It has been suggested that dehydroepiandrosterone (DHEA) and its sulfate ester, dehydroepiandrosterone sulfate (DHEAS), have a protective effect against breast cancer. In our investigation, DHEAS levels were measured in plasma obtained and frozen in 1972–1974 from 534 women aged 50–79 yr. This group, which has been followed for 15 yr, included 21 incident cases of breast cancer, 20 cases with earlier diagnosis, and ten cases with unknown date of onset who were identified from death certificates only. Two sets of analyses were done: one using all women and one which excluded women using estrogen. No significant differences in age-adjusted DHEAS levels were found between any case type and noncases. Age-adjusted rates of breast cancer by DHEAS tertile also showed no significant trends or differences among tertiles for any case type. A multivariate model in which the DHEAS level was adjusted for age, body mass index, estrogen use, and cigarette smoking status also showed no significant association between DHEAS and risk of breast cancer. These results do not support a protective role for plasma DHEAS in breast cancer risk in postmenopausal women.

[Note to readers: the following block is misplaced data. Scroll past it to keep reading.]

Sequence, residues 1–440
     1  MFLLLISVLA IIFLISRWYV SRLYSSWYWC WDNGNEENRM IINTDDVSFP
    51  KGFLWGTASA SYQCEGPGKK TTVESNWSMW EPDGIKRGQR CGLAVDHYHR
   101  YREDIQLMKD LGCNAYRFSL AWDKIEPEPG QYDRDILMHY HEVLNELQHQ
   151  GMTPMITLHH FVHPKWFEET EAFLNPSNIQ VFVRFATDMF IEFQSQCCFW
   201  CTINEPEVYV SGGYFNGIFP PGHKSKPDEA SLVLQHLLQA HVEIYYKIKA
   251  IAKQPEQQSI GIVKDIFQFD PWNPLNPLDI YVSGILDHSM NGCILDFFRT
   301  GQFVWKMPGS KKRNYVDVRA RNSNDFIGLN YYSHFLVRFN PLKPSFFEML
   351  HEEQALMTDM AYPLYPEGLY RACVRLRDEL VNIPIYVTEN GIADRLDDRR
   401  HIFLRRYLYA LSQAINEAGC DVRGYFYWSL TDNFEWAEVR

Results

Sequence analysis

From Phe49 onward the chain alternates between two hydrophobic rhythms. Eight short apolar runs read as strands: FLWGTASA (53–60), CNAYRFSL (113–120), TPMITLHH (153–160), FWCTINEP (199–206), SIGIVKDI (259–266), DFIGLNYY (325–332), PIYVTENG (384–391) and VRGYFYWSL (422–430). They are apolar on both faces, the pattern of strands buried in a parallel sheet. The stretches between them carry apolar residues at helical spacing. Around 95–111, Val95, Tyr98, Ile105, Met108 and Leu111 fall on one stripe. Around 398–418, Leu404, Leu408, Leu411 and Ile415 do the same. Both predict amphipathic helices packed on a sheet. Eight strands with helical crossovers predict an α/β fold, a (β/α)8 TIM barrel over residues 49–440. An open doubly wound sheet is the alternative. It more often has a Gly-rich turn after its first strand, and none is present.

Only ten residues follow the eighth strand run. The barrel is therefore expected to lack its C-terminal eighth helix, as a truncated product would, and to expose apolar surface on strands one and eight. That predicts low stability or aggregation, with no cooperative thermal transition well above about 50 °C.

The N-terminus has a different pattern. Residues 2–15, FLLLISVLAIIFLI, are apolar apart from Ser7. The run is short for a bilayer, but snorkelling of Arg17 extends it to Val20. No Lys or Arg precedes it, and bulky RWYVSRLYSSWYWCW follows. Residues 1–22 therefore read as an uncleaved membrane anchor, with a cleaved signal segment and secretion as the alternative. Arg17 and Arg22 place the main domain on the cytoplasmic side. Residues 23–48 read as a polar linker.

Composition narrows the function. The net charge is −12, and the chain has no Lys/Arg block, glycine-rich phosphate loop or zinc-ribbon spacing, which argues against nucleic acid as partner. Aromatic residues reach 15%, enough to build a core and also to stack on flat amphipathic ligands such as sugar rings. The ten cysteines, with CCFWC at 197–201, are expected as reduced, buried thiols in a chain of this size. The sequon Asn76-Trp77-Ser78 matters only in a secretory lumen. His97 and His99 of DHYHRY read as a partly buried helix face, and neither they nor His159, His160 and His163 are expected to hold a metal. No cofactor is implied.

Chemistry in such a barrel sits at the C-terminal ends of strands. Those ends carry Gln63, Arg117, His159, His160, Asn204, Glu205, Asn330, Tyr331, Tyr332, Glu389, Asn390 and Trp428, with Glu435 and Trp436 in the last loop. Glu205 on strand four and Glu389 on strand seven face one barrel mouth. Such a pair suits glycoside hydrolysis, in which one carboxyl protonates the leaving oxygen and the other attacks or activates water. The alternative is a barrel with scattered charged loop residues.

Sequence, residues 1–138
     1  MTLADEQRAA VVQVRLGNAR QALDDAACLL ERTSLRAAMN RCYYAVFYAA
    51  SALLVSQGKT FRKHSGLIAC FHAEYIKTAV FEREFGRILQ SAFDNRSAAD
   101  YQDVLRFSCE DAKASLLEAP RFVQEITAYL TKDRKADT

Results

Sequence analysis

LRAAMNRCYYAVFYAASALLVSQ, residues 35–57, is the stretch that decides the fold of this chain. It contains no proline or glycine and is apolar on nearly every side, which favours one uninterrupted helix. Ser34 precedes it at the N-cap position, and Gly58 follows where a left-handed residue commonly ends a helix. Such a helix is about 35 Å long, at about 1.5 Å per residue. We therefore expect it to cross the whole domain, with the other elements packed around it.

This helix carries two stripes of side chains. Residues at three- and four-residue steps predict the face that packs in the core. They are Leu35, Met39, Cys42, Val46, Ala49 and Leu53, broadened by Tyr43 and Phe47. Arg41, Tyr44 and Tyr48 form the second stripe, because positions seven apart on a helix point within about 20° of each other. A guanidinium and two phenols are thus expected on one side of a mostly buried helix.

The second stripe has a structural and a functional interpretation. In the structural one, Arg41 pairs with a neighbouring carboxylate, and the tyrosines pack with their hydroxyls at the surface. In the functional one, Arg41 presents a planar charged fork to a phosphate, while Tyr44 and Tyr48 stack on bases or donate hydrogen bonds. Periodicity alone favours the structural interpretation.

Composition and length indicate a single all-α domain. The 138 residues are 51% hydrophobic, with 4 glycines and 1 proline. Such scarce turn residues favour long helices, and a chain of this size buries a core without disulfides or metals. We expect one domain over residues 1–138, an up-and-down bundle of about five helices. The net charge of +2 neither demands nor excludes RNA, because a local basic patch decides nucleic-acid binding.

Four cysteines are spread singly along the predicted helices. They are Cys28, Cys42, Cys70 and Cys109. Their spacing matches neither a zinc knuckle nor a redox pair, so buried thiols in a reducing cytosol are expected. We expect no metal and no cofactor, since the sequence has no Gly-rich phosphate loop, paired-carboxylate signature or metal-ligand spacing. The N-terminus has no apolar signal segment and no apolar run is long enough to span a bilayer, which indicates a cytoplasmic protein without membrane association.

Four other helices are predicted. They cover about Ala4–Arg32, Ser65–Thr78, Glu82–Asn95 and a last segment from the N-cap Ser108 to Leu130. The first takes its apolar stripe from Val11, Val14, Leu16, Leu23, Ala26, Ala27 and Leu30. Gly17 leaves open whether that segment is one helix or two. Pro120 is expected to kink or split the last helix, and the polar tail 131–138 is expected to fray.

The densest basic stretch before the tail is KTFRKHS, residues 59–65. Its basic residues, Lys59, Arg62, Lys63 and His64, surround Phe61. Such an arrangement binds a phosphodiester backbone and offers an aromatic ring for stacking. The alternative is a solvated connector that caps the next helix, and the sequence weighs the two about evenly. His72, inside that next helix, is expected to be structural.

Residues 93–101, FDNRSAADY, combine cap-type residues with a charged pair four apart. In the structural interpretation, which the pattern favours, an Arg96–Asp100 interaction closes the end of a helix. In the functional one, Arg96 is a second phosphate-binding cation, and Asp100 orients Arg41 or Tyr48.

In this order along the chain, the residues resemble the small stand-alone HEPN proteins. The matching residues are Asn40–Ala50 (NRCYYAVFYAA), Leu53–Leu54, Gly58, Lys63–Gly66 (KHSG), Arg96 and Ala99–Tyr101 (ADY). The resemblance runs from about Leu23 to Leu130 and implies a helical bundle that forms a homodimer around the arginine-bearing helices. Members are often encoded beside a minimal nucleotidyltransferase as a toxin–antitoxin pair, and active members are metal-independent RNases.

This research was supported by the Cancer Center of the University of California, San Diego, through NIH Core Grant CA23100-10 from the National Cancer Institute; the UCSD Cancer Center Foundation; and the UCSD Cancer Center Associates.